In May, more than $1 million in funding was awarded to support disaster response and restoration efforts at Monte Albán Archaeological Site in Oaxaca, Mexico. Fifteen structures within Monte Albán were affected by a devastating September 2017 earthquake, and subsequently the site was included on the 2018 World Monuments Watch as part of the Disaster Sites of the Caribbean, the Gulf, and Mexico. A partnership with the National Institute of Anthropology and History (INAH) began in summer 2018 to address the long-term stability of Monte Albán, including conservation, documentation, capacity building, and geological assessment.
In 2018, nine sites from the 2018 World Monuments Watch held Watch Days to engage communities in celebrating their built heritage while highlighting the importance of local stewardship in sustainable preservation. Seen here, community members learn more about the Grand Theater of Prince Kung’s Mansion in Beijing, China.
In summer 2018, the restoration of the Great Synagogue of Iaşi in Romania was completed following its inclusion on the 2014 World Monuments Watch. Though many thought the structure’s ornate aron kodesh could not be saved, WMF supported its challenging restoration—stabilizing and conserving the structure. The historic and sacred site will now be accessible for generations to come.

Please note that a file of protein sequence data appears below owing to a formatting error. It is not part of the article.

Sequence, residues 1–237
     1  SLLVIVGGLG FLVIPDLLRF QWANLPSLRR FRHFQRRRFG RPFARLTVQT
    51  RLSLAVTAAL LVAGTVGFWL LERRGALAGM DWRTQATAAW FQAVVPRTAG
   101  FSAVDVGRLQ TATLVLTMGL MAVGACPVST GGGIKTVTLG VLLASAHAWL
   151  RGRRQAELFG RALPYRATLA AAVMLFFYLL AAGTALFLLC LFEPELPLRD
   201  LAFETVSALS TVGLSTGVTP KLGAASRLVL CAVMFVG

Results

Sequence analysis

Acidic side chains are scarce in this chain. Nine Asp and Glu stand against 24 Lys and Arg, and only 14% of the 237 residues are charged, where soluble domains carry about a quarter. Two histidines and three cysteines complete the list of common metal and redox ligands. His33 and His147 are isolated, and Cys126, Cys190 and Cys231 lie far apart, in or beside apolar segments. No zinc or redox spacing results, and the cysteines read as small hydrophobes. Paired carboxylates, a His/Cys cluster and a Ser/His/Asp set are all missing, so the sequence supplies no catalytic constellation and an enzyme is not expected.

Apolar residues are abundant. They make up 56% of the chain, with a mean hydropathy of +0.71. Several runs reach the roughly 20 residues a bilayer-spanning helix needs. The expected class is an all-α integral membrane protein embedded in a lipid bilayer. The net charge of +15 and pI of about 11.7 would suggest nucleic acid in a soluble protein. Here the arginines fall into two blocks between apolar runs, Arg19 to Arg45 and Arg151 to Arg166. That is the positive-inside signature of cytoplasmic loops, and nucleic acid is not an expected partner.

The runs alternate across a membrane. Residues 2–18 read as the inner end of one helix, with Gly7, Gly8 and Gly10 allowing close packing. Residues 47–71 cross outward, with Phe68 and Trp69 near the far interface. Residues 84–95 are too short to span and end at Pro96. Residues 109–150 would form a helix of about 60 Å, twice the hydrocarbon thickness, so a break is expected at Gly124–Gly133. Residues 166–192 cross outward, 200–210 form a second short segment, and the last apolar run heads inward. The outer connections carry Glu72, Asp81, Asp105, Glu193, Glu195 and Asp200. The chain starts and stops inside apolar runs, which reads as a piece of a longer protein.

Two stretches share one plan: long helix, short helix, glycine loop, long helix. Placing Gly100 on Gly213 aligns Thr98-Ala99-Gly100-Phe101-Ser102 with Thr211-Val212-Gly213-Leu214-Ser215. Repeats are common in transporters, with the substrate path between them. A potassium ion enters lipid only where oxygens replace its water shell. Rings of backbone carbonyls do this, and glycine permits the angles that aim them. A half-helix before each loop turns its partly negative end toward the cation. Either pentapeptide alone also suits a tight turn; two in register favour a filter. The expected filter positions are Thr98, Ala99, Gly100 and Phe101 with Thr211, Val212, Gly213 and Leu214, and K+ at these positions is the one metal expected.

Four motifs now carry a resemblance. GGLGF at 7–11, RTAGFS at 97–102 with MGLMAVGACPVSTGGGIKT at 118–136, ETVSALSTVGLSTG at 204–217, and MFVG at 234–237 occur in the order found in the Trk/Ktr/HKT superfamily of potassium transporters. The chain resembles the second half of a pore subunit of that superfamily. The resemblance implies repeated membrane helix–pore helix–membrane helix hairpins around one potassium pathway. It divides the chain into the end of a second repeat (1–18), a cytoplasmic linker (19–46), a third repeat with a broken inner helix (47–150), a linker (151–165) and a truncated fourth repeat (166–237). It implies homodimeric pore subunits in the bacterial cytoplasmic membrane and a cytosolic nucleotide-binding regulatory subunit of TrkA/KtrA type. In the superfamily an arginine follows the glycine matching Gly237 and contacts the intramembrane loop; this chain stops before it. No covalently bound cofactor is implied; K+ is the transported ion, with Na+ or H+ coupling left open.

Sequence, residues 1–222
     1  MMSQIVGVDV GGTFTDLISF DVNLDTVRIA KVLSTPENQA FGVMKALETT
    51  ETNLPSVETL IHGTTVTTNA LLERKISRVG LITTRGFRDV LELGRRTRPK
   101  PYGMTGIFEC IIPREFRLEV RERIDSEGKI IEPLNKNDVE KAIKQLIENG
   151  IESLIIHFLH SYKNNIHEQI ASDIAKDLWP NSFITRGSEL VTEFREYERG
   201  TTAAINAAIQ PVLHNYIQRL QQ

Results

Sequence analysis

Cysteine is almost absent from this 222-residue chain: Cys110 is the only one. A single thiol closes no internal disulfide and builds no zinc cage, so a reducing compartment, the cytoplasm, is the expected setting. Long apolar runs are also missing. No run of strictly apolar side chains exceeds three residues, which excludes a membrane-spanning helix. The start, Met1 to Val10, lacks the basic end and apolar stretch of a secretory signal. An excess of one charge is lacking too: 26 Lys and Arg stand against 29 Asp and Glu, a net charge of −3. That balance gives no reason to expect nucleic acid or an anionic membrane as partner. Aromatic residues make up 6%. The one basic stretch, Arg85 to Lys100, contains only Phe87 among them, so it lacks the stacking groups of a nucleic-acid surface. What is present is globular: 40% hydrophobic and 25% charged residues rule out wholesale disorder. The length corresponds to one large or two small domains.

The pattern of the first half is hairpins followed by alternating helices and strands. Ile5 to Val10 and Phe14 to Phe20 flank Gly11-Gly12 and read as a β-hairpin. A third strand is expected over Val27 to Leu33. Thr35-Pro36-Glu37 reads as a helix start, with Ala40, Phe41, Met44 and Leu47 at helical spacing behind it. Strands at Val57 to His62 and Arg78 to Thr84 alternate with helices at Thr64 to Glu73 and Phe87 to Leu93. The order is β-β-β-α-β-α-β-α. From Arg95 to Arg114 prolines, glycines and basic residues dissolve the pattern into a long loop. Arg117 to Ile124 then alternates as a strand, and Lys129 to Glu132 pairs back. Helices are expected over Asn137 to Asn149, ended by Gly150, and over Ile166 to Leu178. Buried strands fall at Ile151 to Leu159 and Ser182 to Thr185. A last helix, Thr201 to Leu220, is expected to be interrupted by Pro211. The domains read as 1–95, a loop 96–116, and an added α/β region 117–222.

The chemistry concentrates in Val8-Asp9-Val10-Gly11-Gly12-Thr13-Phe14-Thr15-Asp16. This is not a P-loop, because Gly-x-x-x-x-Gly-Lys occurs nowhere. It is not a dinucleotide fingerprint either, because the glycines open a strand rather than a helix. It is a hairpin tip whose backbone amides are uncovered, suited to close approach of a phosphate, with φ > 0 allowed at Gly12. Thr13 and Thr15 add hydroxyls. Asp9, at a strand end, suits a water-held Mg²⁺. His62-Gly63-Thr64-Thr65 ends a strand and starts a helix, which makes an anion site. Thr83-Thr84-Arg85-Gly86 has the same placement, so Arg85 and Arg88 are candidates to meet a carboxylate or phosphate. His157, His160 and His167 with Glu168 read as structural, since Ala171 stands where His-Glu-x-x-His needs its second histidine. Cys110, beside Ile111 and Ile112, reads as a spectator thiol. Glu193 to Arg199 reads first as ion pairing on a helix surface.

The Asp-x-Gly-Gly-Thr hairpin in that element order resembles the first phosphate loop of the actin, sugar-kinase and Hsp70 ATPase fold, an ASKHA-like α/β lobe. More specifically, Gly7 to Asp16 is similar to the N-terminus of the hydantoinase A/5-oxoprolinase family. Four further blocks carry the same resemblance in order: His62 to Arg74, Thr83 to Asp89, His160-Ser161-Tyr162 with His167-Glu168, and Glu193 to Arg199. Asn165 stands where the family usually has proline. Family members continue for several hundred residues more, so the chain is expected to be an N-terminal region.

In June, American Express awarded $1 million to support conservation activities at eight of the threatened sites included on the 2018 World Monuments Watch. Among the awarded sites was Matobo Hills Cultural Landscape, one the world’s greatest rock art collections in Zimbabwe, seen here.
In the spring, World Monuments Fund launched an online platform with Google Arts & Culture, showcasing the unique stories of Iraq’s endangered heritage sites and the extraordinary efforts to preserve them. The platform utilizes drone footage, never-before-seen 3-D models, and more features to bring dozens of remarkable heritage sites to your fingertips.
“Preserving Iraq’s Heritage” was unveiled at a panel discussion in June at Google’s NYC headquarters, where experts in the field explored what comes next for Iraq’s conflict-damaged heritage, moderated by Arwa Damon, multi award-winning Senior International Correspondent for CNN.
In 2018, conservation work was completed at the Farnese Aviaries, sixteenth-century twin pavilions considered among the best-preserved Renaissance remains on Rome’s Palatine Hill. Following the site’s inclusion on the 2014 World Monuments Watch, WMF partnered with the Soprintendenza Speciale Archeologica di Roma in the comprehensive restoration of the aviaries. They are now open to the public, providing an enhanced visitor experience and understanding of this complex site.
This fall marked graduation for the first trainees from our stonemasonry conservation training program for Syrian refugees and Jordanians in Mafraq, Jordan. Launched in 2017, the program provides skills essential to restoring conflict-affected built heritage while also offering professional development and promoting transnational learning. Special thanks to WMF Britain and Petra National Trust for leading the program, as well as generous project support from the British Council and Friends of Heritage Preservation.